How to use Decoupling capacitors for Op amp in dual rail

Discussion in 'General Electronics Chat' started by picstudent, Mar 5, 2009.

  1. picstudent

    picstudent Thread Starter Active Member

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    Hello

    I have op amp OP07 and TL084 in a board. Some 2to 30 in a board with a MCU onboard.

    How to provide the decoupling capacitors for these op amps. +12 and -12 are supply rails?

    We need to decouple both rails or one is needed? How the the optimum value is decided?

    Thanks
  2. mik3

    mik3 Senior Member

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    Put a 100nF capacitor between the +ve rail and ground, another one between -ve rail and ground and one between +ve and -ve rails.
  3. picstudent

    picstudent Thread Starter Active Member

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    So three non polar capacitors .1uF for each op amp. I have some 30 op amp in a PCB. So huge part count.

    What is really the function of de copupling capacitors in Op amp circuits? What are the consequences in general if not provided?

    Thanks
  4. gotumal

    gotumal Active Member

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    Any IC consume power depending on the output load condition (drive power). So when load curent increases suddenly, a voltage dip may occure at the power pins of IC. During that time, decoupling capacitor provides the enough charge not to have voltage dip.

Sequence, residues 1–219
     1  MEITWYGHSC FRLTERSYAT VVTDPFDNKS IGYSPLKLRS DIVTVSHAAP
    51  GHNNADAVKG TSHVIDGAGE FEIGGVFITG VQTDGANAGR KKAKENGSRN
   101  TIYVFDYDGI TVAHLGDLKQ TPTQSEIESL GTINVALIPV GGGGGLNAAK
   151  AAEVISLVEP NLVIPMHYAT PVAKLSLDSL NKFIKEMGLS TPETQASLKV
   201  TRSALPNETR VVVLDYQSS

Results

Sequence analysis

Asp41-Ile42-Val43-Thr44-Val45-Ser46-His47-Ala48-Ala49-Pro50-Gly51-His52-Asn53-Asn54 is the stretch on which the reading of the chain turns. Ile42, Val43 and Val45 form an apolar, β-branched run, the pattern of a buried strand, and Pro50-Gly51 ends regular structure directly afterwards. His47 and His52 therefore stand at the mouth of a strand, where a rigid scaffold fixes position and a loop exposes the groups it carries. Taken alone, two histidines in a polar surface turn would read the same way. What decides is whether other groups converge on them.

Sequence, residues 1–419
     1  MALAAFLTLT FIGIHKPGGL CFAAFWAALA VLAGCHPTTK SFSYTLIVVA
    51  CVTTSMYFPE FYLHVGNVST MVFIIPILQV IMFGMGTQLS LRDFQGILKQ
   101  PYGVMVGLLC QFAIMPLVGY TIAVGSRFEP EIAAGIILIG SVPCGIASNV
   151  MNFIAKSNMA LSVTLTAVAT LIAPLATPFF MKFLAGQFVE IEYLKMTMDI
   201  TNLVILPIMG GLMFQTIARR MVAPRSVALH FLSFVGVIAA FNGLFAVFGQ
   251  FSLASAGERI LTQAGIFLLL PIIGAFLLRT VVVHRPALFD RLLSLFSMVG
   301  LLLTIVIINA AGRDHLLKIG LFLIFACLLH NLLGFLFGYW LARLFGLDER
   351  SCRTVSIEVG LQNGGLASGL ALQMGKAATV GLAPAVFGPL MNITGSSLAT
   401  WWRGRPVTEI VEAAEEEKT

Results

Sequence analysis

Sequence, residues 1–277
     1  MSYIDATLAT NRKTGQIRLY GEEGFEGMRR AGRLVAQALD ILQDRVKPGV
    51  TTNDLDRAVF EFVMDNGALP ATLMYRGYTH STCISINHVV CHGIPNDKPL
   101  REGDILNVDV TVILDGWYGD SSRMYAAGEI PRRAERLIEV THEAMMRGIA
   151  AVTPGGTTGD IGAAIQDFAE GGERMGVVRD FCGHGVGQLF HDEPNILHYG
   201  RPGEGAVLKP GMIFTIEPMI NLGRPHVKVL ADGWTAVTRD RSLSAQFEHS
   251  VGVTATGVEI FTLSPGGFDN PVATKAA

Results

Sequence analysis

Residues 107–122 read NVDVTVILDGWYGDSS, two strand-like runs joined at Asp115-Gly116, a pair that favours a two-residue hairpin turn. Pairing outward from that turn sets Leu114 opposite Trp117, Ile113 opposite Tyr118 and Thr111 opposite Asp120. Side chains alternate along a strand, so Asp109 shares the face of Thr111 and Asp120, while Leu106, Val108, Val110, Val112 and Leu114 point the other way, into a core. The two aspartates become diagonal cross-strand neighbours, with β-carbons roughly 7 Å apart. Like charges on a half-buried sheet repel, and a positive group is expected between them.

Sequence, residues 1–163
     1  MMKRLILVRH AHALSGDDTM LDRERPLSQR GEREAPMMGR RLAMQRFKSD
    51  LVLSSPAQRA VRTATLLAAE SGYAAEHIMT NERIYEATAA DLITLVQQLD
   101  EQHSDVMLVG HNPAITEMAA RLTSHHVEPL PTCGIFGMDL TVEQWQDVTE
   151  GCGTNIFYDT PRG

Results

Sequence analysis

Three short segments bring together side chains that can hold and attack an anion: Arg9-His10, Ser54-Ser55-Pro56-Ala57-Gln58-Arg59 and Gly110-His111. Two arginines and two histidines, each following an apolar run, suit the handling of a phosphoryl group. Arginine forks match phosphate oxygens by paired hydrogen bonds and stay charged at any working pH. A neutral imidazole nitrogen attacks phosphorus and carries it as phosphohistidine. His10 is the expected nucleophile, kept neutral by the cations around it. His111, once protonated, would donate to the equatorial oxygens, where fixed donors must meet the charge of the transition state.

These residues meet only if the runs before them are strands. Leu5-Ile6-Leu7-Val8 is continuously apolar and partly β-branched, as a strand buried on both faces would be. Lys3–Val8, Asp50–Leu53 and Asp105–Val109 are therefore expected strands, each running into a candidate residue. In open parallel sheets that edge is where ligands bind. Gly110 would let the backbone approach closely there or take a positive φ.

Depending on freqency of operation (analog, digital (in KHz, MHz)) value can be decided like 0.001µF, 0.01µF, 0.1µF etc.
  5. SgtWookie

    SgtWookie Expert

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    Well, actually - just two 100nF nonpolarized caps per opamp.
    One from Vcc to ground, and one from Vee to ground, as close to the supply pins as you can.
  6. mik3

    mik3 Senior Member

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    Well, with op amps, if you have a good low noise power supply you don't really need decoupling capacitors because they don't switch rapidly and cause noise on the pcb tracks.
  7. davidgrahamsites

    davidgrahamsites New Member

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    Why the extra between V+ and V-? Is this in case of a fast transition between upper and lower voltage rails with a signal carrying a higher load?
  8. crutschow

    crutschow AAC Fanatic!